Fully comprehensive cover is the highest level of insurance you can have. It includes all the cover of a third-party fire and theft policy, but also protects you as a driver, and may pay out for damage to your own car.

You might be interested in this useful guide by MoneyHelper to choosing the right level of car insurance.

HSBC doesn’t offer car insurance right now but M&S Bank, a member of the HSBC Group, does. Terms and conditions apply. 

M&S Car Insurance is arranged and administered by BISL Limited using a panel of insurers.

Life insurance

Life insurance is protection for you and your family. If the main breadwinner of your family were to get seriously ill or die, this would have a huge financial impact. Life insurance can help give your family peace of mind that if something terrible does occur, they’ll be provided for.

There are 3 main types of life insurance policies:

  • life cover – this will provide a lump sum to your dependants if you die
  • critical illness – this can provide you with a lump sum payment if you can't work for medical reasons, such as a heart attack, cancer or a stroke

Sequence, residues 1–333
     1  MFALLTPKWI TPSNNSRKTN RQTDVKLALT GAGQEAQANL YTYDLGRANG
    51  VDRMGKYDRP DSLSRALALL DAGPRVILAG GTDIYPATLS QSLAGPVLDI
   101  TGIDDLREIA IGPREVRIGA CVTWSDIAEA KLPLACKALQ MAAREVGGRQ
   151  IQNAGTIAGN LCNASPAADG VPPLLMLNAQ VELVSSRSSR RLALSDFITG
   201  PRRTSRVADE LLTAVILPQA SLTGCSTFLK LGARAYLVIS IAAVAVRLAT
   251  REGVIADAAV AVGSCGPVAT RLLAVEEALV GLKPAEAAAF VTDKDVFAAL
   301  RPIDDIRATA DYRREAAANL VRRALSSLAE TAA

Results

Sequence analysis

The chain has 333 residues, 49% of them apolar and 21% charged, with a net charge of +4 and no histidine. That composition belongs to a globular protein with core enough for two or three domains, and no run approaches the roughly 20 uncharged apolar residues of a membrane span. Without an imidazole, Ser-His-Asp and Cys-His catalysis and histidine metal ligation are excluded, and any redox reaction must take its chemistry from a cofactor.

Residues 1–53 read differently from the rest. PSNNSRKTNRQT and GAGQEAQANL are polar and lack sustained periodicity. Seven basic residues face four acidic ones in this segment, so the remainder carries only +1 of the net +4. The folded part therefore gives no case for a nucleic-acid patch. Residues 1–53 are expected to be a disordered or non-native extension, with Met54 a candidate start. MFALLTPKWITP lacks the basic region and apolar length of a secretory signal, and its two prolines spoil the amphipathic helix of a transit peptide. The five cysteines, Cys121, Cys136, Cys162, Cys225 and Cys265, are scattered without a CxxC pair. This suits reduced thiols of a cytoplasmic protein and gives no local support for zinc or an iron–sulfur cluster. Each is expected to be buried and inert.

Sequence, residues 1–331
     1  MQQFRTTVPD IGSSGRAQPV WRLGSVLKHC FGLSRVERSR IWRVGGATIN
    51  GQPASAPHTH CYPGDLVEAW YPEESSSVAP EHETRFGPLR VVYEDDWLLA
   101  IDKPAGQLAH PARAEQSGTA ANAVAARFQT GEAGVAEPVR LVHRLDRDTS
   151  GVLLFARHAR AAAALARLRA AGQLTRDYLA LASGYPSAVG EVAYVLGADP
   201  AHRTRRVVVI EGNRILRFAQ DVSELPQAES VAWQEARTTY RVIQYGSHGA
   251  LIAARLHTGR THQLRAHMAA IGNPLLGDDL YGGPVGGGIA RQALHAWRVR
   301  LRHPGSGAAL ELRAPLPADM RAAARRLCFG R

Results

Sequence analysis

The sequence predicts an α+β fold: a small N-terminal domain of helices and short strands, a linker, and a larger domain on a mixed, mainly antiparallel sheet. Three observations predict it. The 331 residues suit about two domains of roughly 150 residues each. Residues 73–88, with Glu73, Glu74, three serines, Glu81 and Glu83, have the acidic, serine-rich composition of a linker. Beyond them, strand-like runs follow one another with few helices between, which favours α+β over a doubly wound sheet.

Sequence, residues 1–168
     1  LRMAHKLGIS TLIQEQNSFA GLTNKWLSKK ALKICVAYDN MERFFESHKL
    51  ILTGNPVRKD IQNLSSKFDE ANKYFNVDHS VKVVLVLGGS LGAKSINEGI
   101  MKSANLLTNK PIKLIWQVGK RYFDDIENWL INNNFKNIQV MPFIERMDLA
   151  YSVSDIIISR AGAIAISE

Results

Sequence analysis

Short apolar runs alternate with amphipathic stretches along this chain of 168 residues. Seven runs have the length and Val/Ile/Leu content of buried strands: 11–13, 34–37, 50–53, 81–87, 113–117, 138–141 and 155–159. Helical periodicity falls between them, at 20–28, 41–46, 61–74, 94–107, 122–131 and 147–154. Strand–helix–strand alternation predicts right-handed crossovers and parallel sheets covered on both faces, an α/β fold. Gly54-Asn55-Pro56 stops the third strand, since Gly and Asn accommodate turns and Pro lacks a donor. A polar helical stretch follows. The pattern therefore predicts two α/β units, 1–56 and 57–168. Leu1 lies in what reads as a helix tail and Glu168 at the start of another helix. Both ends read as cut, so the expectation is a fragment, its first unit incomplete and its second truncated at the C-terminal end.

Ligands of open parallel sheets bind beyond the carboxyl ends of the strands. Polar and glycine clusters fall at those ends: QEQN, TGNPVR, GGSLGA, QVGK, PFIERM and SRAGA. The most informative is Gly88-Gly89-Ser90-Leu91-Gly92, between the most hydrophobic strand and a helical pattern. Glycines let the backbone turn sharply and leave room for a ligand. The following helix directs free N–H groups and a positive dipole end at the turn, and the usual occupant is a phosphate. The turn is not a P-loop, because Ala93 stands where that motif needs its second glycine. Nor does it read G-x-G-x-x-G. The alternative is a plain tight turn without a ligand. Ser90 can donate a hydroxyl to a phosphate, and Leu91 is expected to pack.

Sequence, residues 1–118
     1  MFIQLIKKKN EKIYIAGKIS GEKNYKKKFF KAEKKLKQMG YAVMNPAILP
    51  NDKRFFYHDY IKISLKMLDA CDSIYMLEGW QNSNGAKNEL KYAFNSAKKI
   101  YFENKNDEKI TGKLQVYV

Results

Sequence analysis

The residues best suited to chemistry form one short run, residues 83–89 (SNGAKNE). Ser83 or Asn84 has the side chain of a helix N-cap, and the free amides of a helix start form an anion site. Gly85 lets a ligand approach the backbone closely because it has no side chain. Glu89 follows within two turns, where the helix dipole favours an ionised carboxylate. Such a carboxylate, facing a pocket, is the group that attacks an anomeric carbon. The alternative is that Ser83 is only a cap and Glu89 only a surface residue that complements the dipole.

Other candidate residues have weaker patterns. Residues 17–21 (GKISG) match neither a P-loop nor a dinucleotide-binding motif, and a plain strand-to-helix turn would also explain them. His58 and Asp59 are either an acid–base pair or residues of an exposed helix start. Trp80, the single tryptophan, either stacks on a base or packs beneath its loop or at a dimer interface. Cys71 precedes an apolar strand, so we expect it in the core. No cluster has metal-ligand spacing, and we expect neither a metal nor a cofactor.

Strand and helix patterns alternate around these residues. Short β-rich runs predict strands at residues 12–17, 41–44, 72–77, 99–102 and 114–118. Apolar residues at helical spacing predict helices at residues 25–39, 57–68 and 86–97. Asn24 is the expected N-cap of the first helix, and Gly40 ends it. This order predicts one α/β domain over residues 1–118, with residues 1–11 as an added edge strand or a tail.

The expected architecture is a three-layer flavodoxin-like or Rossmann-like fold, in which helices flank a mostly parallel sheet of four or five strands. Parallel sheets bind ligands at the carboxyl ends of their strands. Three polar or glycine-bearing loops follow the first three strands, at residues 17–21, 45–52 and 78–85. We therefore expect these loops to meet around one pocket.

• income protection – this will provide a regular payment if you can't work while you’re ill or disabled

If you don’t have any dependants, you may decide you don't need life insurance. However, if you have a partner or family who depend on your income, to cover a mortgage, for example, it’s worth looking into.

Another factor to consider is price. If you’re young and healthy, life insurance offers good value for money – giving you high cover at a relatively low cost. If you take it out later in life, it may cost you more.

Explore: HSBC Life Insurance

Travel insurance

When planning a holiday, the last thing you want to think about is something going wrong. Having travel insurance can protect you if it does.

Travel insurance can cover you for a wide range of events, so it’s worth considering when you book your next trip. And there’s a benefit to buying as soon as you book because it can cover you for cancellation or illness before you’re due to travel.

If you travel twice or more in a year, an annual policy can often be cheaper. Whether you buy single trip or multi-trip travel insurance, it could potentially stop an unlucky event becoming very costly.